Above the fold on the front page of today's Charlotte Observer (yes, I actually get a paper paper) was the headline "Can Charlotte Republicans Regain Mayor's Office" (accompanied by a quote by my political science colleague Eric Heberlig). I used it in my Politics of Latino Immigration class today because it fit so well with our ongoing discussions of political demography. The article's point was that demographics are favoring the Democratic Party in Charlotte. It has this very nice map comparison between the 2007 and 2013 mayoral elections.
You can see how the red is concentrated heavily in south Charlotte, and is shrinking. What the article unfortunately doesn't do, however, is integrate that analysis with the growth of the Latino population, which is a pretty glaring omission.
In work I've done with my dad, we got data on births in Mecklenburg County, then mapped them. Here is what you get:
What you can see is that the Latino population is dispersed across Charlotte, though less so in south Charlotte (which is more wealthy and white). If you combine it with the mayoral map, you end up with a city and county that will become bluer and bluer because of course Latinos support the Democratic Party by a very large margin. The children being born will not be voters for at least 18 years, but our map can also be viewed as a proxy for Latino families. Some are already citizens and non-citizens will slowly naturalize, faster if immigration reform with some sort of amnesty with path of citizenship is passed (which, naturally, is one reason many Republicans oppose it).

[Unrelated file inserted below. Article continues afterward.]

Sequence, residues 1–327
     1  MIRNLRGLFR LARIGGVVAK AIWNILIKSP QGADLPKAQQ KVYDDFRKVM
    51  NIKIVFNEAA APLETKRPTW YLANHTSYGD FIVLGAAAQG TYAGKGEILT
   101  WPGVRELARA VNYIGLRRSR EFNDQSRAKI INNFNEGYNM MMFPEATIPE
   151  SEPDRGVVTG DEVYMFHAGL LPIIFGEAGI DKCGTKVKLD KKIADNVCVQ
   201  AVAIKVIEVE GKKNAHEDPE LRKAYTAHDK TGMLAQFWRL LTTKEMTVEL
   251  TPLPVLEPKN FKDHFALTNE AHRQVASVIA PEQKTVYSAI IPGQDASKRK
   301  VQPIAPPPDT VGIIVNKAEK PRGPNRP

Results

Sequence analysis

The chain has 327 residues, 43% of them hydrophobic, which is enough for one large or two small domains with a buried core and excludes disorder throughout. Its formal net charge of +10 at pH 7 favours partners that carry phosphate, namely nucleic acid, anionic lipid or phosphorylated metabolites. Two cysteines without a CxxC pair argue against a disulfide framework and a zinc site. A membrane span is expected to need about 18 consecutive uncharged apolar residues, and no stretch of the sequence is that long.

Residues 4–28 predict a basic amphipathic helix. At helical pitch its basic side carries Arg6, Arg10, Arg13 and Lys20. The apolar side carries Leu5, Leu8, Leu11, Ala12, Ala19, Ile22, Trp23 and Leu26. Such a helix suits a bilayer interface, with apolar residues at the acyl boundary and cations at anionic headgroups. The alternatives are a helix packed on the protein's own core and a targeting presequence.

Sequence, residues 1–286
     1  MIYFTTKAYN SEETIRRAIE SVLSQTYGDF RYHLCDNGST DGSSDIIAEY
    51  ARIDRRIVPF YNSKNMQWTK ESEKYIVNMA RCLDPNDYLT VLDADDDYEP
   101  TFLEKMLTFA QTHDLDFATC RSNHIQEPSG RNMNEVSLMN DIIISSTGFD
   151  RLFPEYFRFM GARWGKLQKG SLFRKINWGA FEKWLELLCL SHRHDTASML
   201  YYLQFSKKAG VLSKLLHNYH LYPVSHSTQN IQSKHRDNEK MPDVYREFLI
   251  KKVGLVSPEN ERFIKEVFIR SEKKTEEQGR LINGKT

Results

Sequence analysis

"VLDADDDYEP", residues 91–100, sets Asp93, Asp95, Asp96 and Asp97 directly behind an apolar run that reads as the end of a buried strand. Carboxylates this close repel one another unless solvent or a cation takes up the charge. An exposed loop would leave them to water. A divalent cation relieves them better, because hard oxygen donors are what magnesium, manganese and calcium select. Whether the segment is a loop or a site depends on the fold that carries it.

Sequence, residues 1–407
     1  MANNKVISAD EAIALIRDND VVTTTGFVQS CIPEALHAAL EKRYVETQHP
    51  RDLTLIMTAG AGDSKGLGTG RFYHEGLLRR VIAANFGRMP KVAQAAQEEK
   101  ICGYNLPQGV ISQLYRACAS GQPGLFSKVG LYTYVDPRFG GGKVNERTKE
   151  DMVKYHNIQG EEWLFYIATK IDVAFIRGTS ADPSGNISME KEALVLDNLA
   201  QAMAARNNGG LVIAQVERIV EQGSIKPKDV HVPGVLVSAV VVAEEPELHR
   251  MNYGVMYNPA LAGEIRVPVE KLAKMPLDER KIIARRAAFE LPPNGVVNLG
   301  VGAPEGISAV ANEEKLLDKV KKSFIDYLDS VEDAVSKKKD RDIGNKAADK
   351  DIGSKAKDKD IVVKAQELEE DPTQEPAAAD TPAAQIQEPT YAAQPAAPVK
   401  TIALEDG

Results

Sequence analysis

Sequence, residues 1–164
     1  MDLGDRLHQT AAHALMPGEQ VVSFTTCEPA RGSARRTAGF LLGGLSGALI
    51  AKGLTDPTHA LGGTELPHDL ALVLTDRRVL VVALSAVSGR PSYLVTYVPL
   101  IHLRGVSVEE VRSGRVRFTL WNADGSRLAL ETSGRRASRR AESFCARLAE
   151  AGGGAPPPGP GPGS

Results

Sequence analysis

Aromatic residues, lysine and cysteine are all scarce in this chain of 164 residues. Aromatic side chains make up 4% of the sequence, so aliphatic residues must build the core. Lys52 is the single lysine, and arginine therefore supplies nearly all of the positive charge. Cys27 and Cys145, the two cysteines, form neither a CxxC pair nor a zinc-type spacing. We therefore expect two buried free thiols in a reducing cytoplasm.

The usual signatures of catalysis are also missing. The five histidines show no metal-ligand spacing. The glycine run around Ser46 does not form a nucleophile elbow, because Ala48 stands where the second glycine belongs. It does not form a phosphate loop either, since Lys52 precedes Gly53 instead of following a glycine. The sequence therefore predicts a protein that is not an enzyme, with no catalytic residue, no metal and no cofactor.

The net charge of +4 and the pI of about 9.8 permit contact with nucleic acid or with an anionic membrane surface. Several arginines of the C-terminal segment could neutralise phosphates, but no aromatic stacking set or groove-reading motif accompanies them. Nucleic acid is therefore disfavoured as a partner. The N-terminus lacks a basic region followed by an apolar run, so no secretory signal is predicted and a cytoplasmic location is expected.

Thus, in Charlotte it will be really, really hard for Republicans to win mayoral elections. And by the way, in the future it may well get more difficult to win County Commissioner seats as well, if you look at the data for Hispanic births by county commission district.
As I keep repeating to my class, it doesn't matter if you like or dislike this. It's just the way things are, and demographic shifts are going to have major political impacts.